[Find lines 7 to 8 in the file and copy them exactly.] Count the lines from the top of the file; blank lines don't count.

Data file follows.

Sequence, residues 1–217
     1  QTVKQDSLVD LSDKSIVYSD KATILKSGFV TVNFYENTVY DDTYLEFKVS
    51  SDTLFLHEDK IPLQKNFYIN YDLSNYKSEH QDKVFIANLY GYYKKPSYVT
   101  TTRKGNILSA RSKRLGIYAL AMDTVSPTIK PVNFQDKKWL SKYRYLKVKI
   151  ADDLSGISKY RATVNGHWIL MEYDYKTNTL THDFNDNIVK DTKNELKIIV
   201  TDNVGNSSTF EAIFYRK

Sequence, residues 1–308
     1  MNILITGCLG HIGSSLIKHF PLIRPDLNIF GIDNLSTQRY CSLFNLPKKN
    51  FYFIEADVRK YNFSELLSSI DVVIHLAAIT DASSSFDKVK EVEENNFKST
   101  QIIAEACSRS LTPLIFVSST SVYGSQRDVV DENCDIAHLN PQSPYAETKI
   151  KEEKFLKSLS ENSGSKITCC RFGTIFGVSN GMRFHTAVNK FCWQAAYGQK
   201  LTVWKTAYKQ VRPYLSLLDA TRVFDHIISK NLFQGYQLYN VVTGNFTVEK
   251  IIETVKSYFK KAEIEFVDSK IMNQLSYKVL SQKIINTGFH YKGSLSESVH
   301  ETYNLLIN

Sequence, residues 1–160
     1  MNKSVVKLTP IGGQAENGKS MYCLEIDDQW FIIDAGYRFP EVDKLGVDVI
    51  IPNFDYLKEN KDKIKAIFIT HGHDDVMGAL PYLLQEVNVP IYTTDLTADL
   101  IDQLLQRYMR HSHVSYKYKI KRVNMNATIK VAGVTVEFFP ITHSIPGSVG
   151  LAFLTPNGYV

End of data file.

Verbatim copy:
Sequence, residues 1–308
     1  MNILITGCLG HIGSSLIKHF PLIRPDLNIF GIDNLSTQRY CSLFNLPKKN